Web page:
MONTREAL — More than a thousand passengers were affected after Air Canada partially suspended service to India due to the closure of Pakistani airspace as tensions mount between the two nuclear powers.
A flight en route to Delhi Tuesday night turned back over the Atlantic Ocean and returned to Toronto Wednesday, the airline said.
A second Air Canada flight from Vancouver to Delhi slated for takeoff Tuesday night was also cancelled, said spokeswoman Isabelle Arthur.
Wednesday night flights on the same two same routes were cancelled “as there currently are no suitable alternate routings,” she said in an email.
On both routes, Air Canada flies Boeing 787-9 Dreamliner jets that contain more than 280 seats, meaning up to 1,100 people are likely impacted by the cancellations so far.
“We continue to monitor this situation closely and flights to Delhi will operate as soon as operationally feasible,” Arthur said.
On Wednesday, Pakistan’s military said it shot down two Indian warplanes in the disputed region of Kashmir and captured a pilot, responding to an airstrike a day earlier by Indian aircraft inside Pakistan and raising tensions between the nuclear-armed rivals to a level unseen in the last two decades.
The downing of the Indian aircraft came on a chaotic day that also saw mortar shells fired by Indian troops from across the frontier dividing the two sectors of Kashmir kill six civilians and wound several others.
The closure of Pakistani airspace interrupted flights around the globe, as airlines scrambled to arrange refuelling stops.
Emergencies — military, political and natural — ground flights periodically, said Kamran Bokhari, director for strategy and programs at the Centre for Global Policy in Washington D.C.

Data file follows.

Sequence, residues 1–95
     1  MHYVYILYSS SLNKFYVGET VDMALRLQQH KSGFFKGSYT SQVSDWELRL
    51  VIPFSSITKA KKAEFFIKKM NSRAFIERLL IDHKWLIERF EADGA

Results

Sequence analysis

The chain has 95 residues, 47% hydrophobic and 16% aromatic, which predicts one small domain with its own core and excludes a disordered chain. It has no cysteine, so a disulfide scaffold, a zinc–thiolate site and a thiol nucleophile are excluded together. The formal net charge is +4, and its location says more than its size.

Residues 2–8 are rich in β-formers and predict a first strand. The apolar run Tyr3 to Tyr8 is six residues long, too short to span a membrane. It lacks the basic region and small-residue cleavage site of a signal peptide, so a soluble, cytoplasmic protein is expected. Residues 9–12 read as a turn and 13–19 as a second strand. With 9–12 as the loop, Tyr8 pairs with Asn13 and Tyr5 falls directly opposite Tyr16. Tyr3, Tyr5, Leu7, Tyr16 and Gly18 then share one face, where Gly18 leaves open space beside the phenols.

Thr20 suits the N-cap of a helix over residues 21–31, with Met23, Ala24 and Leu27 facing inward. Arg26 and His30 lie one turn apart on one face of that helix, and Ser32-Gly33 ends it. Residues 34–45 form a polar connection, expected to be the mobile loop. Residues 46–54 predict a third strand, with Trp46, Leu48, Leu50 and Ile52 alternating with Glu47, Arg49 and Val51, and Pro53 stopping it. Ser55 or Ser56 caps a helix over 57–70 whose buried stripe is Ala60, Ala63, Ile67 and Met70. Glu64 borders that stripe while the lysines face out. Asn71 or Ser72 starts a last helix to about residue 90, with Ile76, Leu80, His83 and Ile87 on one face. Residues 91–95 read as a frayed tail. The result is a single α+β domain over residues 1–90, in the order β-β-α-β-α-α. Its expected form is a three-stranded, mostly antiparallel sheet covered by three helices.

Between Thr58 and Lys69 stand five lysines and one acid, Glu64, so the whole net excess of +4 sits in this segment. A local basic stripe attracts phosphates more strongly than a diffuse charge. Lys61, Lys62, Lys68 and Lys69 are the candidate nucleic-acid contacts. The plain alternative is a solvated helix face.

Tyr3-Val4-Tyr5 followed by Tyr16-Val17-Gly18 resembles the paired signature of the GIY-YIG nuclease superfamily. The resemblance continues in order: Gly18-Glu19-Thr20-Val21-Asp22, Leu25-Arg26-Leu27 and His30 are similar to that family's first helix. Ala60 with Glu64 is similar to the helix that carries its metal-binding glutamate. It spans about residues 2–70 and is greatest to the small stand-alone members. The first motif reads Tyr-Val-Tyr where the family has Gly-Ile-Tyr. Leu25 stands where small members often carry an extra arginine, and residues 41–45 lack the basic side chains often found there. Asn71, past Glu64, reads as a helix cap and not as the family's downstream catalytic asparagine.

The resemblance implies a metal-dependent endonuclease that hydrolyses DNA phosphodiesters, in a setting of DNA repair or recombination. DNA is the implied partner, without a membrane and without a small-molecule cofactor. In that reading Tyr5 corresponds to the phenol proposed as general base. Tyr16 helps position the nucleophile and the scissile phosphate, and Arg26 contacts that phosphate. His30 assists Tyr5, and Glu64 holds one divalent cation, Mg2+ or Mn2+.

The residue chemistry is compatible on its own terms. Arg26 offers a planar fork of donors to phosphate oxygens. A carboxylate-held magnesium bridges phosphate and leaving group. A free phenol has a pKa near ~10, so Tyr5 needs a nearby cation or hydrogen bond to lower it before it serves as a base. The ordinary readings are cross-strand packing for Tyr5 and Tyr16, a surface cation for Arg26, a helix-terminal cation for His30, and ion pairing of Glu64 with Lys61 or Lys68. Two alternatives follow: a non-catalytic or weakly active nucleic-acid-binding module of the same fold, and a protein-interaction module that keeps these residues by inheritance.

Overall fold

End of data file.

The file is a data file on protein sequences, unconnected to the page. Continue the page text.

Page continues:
“Recall the Malaysian flight shot down by Ukrainian rebels,” he said, referring to a deadly incident near the Russian border in July 2014. “They used one of those anti-aircraft systems and they locked onto it and the entire aircraft perished,” he said.
Days later, the U.S. Federal Aviation Authority imposed a ban on American flights to Israel amidst Israeli airstrikes in the Gaza Strip. Air Canada resumed flights between Toronto and Tel Aviv after two days.
While flight bans are typical in times of escalating conflict — in Syria in 2015, and across the U.S. after the 9/11 terror attacks, for example — “this is a game-changer to the historical policy of restraint by India,” Bokhari said. “Both sides are in undiscovered country.”
In 2017, Saudi Arabia and Bahrain banned Qatari aircraft from flying through their airspace amid a diplomatic crisis precipitated by a blockade by five Middle Eastern states against the Qatar, choking Qatar Airways.
In 2010, plumes of volcanic ash in Iceland prompted the cancellation of thousands of flights when officials closed European airspace for five days, leaving tens of thousands of passengers stranded in one of the largest flight disruptions since the Sept. 11 attacks.
Air Canada has implemented a “goodwill policy” for affected customers and is monitoring the situation in order to resume service once it “normalizes,” Arthur said.
Canada’s largest airline operates daily service from Toronto and Vancouver to Delhi and four times weekly between Toronto and Mumbai. It has no aircraft on the ground in India and all flights from India to Canada have returned as scheduled, she said.
A flight from Toronto to Mumbai was on track for takeoff Wednesday night, as the route avoids Pakistani airspace.
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— With files from The Associated Press.
Christopher Reynolds, The Canadian Press